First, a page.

The author only put in enough crochet info to help knitters with whatever they'd need crochet- chains for ties on hats and things, single crochet for neckline edging, and crab stitch for tightening loose edges. With that, I took up my sister's old crochet hook and some scrap yarn and went for it.
My first swatch, I'm proud to say, is an utter derpy failure.
When I started realizing that things weren't going well, I decided to soldier on and get some help to make it less awkward, instead of completely giving up and starting over.
The thing is, in most areas of life, I hate failing. It's something many instructors and professors have pointed out over the years, and it's frustrating because I don't know how to get rid of this fear of failure I apparently have. It's even crippling me in theatre, which is supposed to be what I blindly pursue fearlessly.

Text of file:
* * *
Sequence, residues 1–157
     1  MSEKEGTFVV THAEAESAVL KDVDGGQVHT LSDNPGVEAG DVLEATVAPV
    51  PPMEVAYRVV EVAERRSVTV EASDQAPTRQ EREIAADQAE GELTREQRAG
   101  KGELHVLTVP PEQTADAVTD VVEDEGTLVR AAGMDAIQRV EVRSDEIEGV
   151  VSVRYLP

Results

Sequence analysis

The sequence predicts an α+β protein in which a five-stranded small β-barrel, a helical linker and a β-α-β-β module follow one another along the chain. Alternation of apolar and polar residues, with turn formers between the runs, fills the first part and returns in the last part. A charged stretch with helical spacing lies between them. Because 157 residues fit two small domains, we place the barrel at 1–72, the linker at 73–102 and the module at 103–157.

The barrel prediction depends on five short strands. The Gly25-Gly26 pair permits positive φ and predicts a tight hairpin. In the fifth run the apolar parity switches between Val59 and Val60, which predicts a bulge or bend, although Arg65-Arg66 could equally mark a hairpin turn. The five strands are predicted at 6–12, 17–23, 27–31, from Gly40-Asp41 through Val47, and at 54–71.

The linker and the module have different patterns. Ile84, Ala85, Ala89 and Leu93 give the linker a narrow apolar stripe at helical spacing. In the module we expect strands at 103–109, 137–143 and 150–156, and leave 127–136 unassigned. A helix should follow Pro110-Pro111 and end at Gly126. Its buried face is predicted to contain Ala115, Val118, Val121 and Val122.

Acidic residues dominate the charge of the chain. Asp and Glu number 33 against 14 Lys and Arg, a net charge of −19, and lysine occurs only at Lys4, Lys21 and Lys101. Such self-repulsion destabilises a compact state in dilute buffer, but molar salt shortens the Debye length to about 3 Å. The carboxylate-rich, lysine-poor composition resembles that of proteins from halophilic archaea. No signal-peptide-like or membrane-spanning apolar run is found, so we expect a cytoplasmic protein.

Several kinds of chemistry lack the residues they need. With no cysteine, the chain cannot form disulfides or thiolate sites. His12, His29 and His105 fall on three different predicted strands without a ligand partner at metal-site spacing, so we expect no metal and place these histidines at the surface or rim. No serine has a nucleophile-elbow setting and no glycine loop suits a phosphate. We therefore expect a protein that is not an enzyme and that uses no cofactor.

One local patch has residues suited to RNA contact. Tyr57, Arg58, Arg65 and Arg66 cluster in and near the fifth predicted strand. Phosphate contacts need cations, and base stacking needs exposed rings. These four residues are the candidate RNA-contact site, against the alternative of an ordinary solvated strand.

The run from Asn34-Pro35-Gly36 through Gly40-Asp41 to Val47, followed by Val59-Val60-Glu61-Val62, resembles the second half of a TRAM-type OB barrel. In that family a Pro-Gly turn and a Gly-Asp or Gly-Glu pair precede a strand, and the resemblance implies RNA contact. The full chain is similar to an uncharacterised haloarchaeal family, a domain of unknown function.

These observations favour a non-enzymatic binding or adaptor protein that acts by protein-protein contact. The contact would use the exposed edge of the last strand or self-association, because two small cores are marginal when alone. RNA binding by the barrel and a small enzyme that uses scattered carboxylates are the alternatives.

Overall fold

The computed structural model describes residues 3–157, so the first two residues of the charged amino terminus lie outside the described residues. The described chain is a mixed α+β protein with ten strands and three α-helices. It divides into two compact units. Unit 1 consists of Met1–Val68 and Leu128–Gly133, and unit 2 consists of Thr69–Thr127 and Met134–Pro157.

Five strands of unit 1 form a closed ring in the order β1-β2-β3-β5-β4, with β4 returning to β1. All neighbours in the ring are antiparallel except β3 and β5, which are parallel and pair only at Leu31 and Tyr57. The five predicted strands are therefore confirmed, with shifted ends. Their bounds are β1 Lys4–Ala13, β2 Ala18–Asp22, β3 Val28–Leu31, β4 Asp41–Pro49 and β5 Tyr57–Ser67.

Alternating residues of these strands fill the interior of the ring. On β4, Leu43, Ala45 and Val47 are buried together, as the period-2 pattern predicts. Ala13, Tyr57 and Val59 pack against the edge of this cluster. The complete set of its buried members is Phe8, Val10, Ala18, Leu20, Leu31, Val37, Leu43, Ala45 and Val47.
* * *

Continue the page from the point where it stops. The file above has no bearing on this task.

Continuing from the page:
But crafting? No problem. So far.
I have a few short knitting projects lined up after I'm done with what I'm currently working on, each with a really low chance of failure. But after that, I hope to take on my biggest thing yet- a knit dress.
It's the reason I'm hesitant to seriously attempt knitting lace. If you haven't seen a lace pattern, they're kinda nutty. I can understand every single piece of shorthand and still freak out when actually trying to make the pattern happen.
I wonder if, in spending this summer pouring all of my energy into learning new knitting skills,
it'll help me in my acting as well. It'll help me realize, eventually, that I needn't fear failure, because I can have confidence in my abilities as an artist.
I just have to, you know, be able to knit without my arm hurting.